It’s a fickle thing, public opinion. It blows hot, it blows cold.
As we are seeing with Fred Goodwin, it can even turn into the kind of mightily destructive whirlwind no-one ever wants to reap.
But fickle by its very nature means flighty. Public opinion is as changeable as the wind.
How then, do we explain away the kinds of sustained and immovable hate fest that has characterised the Goodwin affair?
The British public may well be disgusted by the morally bankrupt and grasping-to-the-end antics of the failed financier. I suspect most who saw his sham apology to a parliamentary select committee also felt there was no hint of genuine remorse.
Reprehensible though Goodwin is, he’s just one man.
Scotland has two collapsed banks. Which means you don’t have to go far to find a motley collection of soiled money men, all of whom were complicit in the destruction of 300 years of fine banking heritage – all of them are unfeasibly wealthy as a result.
What then sets Fred so very apart in the crucible of public opinion? Or should that be who?
Let’s be absolutely clear: someone dexterous and skilled has been working in the shadows and with Machiavellian precision they’ve slit the protective cocoon of wealth and power Goodwin would normally have enjoyed.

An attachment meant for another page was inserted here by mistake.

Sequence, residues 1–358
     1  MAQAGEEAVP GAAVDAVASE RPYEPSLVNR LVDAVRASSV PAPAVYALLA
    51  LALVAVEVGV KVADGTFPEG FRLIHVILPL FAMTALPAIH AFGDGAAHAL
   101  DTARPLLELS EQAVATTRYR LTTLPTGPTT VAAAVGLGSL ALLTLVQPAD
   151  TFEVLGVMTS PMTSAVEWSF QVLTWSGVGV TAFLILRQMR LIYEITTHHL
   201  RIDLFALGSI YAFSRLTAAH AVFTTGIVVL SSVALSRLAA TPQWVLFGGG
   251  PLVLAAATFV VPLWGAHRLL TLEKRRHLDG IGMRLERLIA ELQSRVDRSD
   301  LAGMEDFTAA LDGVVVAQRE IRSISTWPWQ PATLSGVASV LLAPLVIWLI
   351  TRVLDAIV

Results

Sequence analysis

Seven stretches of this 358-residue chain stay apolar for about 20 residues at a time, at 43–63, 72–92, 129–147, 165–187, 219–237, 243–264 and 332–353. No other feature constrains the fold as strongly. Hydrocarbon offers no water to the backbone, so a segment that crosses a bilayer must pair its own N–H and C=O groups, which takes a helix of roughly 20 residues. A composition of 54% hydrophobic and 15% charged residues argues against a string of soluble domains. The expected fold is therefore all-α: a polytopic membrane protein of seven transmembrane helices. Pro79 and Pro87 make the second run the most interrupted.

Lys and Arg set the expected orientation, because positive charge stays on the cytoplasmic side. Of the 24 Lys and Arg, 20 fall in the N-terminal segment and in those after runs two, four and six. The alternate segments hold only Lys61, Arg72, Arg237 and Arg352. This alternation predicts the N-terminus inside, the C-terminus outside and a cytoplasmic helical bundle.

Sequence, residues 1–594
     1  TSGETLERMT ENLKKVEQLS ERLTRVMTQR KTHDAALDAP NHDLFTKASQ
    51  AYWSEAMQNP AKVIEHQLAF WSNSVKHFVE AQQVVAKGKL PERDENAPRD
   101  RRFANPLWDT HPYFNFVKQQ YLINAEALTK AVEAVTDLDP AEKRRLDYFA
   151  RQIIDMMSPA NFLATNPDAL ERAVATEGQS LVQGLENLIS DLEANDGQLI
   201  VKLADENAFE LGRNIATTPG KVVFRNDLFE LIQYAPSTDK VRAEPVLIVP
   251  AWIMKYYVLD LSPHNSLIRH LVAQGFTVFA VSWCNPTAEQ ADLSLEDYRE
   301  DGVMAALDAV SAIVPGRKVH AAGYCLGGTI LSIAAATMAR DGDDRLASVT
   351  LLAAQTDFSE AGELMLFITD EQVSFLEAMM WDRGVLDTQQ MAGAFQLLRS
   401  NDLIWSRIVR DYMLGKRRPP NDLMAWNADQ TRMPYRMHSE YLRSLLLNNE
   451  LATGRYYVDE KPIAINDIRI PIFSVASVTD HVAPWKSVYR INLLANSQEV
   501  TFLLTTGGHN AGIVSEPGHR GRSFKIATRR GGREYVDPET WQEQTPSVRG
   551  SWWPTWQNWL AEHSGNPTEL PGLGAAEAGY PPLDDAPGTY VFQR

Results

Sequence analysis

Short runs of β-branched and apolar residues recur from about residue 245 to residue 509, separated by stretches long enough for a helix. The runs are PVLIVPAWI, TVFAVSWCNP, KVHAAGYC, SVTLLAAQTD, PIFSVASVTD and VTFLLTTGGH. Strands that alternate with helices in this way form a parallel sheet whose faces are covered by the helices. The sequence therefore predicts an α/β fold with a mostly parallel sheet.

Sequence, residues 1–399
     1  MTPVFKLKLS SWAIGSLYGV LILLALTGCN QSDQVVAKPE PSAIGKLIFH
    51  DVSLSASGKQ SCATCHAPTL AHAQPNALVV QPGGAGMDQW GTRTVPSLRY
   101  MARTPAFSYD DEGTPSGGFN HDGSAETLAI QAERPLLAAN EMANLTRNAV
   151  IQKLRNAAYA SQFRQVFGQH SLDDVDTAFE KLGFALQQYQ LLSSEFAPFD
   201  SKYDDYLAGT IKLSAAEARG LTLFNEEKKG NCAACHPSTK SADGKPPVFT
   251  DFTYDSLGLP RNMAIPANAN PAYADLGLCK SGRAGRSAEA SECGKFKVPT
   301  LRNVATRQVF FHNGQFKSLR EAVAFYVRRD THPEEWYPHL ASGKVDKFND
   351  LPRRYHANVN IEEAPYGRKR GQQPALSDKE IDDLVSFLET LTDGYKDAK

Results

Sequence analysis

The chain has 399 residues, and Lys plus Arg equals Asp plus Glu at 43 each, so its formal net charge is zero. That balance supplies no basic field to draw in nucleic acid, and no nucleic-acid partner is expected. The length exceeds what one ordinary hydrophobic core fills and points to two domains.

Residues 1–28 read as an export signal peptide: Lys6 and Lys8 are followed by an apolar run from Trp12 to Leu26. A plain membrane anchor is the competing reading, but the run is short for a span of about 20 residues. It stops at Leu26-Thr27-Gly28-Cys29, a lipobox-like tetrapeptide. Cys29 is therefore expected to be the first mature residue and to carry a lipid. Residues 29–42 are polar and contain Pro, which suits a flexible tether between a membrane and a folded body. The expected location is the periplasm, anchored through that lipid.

Then they’ve turned it inside out and forced Sir Fred to wear it as the banking world’s most spectacular ever hair shirt.
Some commentators would have it that the once glorious knight of the realm has been felled by an unholy trinity of Gordon Brown, Alistair Darling and Lord Mandelson, desperate to deflect attention from Labour’s handling of the economy.
However, I’m more inclined to believe what several wee birdies tell me – that The Shred has in turn been shredded by an altogether more accomplished eminence grise.
Jack Irvine is the man with exactly the kind of credentials that could ensure every media outlet in the country turned on Fred Goodwin at exactly the same time. A Scottish newspaper legend, crisis management is Mr Irvine’s speciality these days.
If industry whispers are to be believed, then Fred the Shred’s been done over by Jack the Ripper.
Certainly someone appears to have turned the Royal Bank of Scotland’s drama into Fred Goodwin’s crisis. What surer way to give the new management team at RBS a clean slate?
After all, toxic assets aren’t all financial. Someone wrapped up the bank’s reputational bad debts then slipped them into Fred’s wallet along with his obscene pension – and before he could disappear into the sunset that same someone pointed out the impressive bulge in the banker’s inside jacket pocket.
Whether the masterstroke is ever officially credited to Jack Irvine remains to be seen.
Frankly, I’m sure he’s not too bothered – there are plenty of other national hot potato issues keeping him busy including the Royal Mail takeover, the MG Rover Inquiry and even the Barry Ferguson affair.
As the great man himself points out: “In fact I’ve just realised I have barely played a game of golf in the past three months. Quel tragedy.”